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Tell it like it is

Dorothy Walker finds out from Chris Yapp, the architect of the national grid for learning, about the benefits of rating yourself in education and using technology to bring about change

Chris Yapp says he is "a great fan of self-assessment", having first seen the benefits two decades ago. He is head of public sector innovation at Microsoft, and since he entered the IT industry in 1980, Chris has earned recognition as a leading thinker on employing technology to bring about change in both the public and private sector. In education, he famously came up with the idea for a national grid for learning.

He believes self-assessment is about building trust. "In many professions there is strong evidence that if you impose external regulation and measurements, you get a lot of resistance. The worry over self-assessment has always been that people will over-report and make exaggerated claims.

But there is a tendency to do that in external inspections, too. The key lies in building professional trust and allowing people to make their own interpretations rather than relying on an inspector who may not really understand what the organisation is trying to do."

In the late 1980s, he worked with organisations which were assessing the quality of their operation and saw the emergence of early frameworks such as the European Foundation for Quality Management (EFQM) Excellence model.

He says: "Some models have proved very powerful, especially when people are encouraged to make their assessments visible, rather than purely internal.

But of course, they need space to practice and learn how to do it properly."

He recalls how people took time to get it right. "The first time round, when they asked themselves: 'Are we a four or a five on this particular measure?' they tended to go for the five. But if they over-reported, they had nowhere to go - they didn't know how to improve. Next time, they would undershoot where they thought they were, so they could make an impressive improvement. Over a period of time, the reporting became more accurate."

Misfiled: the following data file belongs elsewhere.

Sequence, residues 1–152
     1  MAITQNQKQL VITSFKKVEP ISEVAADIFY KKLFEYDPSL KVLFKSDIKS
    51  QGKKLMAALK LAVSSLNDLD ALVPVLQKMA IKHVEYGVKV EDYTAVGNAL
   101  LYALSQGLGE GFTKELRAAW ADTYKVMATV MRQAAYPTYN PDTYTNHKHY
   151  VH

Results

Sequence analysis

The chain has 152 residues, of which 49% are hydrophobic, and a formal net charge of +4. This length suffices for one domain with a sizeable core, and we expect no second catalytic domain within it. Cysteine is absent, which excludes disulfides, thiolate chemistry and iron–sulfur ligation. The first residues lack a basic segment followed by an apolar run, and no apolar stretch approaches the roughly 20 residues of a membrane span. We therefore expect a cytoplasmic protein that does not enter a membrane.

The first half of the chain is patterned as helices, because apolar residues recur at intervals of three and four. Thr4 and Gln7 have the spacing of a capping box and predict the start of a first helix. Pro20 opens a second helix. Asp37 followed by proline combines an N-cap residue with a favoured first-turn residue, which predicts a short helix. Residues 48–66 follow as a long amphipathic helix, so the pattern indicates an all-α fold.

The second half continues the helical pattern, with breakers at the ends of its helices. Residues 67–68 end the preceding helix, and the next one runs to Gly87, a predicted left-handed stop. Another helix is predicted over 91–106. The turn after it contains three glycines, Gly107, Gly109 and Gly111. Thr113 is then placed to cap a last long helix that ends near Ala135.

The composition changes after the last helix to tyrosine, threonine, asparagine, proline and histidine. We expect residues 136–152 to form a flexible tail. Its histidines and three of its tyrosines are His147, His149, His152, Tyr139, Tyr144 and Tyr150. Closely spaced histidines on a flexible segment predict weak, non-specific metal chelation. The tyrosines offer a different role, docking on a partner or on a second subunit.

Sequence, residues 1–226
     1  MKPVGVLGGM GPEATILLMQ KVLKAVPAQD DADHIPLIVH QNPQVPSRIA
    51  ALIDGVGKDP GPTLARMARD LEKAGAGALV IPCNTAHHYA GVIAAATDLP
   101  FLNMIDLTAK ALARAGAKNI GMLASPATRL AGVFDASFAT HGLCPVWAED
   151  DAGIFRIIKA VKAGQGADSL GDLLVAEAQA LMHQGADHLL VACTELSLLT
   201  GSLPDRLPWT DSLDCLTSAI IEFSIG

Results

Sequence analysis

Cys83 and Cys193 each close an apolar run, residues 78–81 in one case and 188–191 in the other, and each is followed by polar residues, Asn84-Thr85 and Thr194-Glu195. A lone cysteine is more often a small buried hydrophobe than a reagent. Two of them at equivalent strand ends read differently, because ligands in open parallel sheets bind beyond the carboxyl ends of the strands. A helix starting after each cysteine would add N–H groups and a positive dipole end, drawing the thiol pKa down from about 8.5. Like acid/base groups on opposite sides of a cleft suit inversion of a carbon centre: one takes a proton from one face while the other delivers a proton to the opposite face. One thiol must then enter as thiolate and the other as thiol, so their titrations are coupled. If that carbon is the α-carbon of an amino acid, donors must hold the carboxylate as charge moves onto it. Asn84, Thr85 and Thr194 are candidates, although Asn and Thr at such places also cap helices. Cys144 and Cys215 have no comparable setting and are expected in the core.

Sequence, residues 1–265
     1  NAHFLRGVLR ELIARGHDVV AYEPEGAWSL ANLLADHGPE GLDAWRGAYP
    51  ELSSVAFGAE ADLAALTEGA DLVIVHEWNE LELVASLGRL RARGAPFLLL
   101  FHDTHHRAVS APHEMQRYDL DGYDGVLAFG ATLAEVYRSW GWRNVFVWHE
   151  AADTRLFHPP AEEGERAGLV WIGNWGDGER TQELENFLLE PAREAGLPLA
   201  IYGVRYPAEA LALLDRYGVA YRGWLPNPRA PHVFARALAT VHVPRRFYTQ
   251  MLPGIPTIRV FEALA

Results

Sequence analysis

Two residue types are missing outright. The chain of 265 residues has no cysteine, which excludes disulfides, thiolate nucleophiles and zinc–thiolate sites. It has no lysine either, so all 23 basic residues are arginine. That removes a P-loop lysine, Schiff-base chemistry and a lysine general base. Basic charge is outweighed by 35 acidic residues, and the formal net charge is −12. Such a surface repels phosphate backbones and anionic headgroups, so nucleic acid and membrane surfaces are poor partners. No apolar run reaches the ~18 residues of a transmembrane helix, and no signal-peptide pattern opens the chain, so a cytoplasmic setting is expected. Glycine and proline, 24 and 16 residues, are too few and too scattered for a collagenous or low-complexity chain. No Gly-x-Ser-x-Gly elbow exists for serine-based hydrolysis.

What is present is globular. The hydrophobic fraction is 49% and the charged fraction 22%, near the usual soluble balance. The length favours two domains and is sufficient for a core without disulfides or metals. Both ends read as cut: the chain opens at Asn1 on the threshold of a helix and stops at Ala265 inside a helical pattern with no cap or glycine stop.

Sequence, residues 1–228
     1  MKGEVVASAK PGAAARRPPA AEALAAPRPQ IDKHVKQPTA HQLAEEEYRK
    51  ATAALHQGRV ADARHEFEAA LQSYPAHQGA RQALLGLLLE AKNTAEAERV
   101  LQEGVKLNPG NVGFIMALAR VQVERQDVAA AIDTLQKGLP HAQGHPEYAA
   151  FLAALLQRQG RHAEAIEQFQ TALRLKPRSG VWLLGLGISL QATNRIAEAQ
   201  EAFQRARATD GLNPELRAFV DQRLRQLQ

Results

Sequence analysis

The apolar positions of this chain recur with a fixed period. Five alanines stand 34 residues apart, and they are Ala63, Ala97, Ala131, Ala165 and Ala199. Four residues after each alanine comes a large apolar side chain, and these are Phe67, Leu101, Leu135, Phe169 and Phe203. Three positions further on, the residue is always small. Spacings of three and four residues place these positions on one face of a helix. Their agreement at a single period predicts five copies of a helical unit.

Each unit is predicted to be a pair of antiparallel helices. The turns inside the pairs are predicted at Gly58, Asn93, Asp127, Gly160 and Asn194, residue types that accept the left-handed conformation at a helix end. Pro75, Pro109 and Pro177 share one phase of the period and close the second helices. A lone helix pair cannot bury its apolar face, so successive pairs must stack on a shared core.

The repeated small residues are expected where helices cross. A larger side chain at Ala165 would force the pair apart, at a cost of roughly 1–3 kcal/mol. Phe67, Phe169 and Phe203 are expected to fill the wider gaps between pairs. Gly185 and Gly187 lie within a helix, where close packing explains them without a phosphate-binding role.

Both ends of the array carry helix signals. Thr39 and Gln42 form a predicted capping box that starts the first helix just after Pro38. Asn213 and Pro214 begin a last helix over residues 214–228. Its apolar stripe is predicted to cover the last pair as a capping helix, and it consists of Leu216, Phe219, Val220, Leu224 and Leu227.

He says that external inspection can stifle innovation. "If somebody does something genuinely innovative and clever, it may not fit the inspection model, which still reflects the way things used to be. "I saw a wonderful example of this several years ago at a school in Coventry. All the computers had been placed in the library, and the children were allowed to leave the classroom quietly to go and use a machine if they wanted to. If they abused the privilege, they lost the right to go out of the class without asking permission, so they couldn't just bunk off.

"Then the school had an Ofsted inspection. The inspector saw somebody walking out of the classroom, and the teacher taking no notice, and interpreted it as poor discipline. Actually, it was incredibly good discipline - there was a clear code of conduct that allowed pupils to go and use resources when they needed them."

He believes one of the greatest benefits of self-assessment is in encouraging "team-working at the top". "It gets the management team to take a wider view and talk about the context in which they are managing rather than discussing the running of their own departments or divisions. They develop a common language as they work through the challenges and issues.

That is important in education, where one of the problems you find, particularly in secondaries, is that there are many different groups, each with its own plan: one for geography, another for science, another for maths. There are subtleties of the language which are never resolved."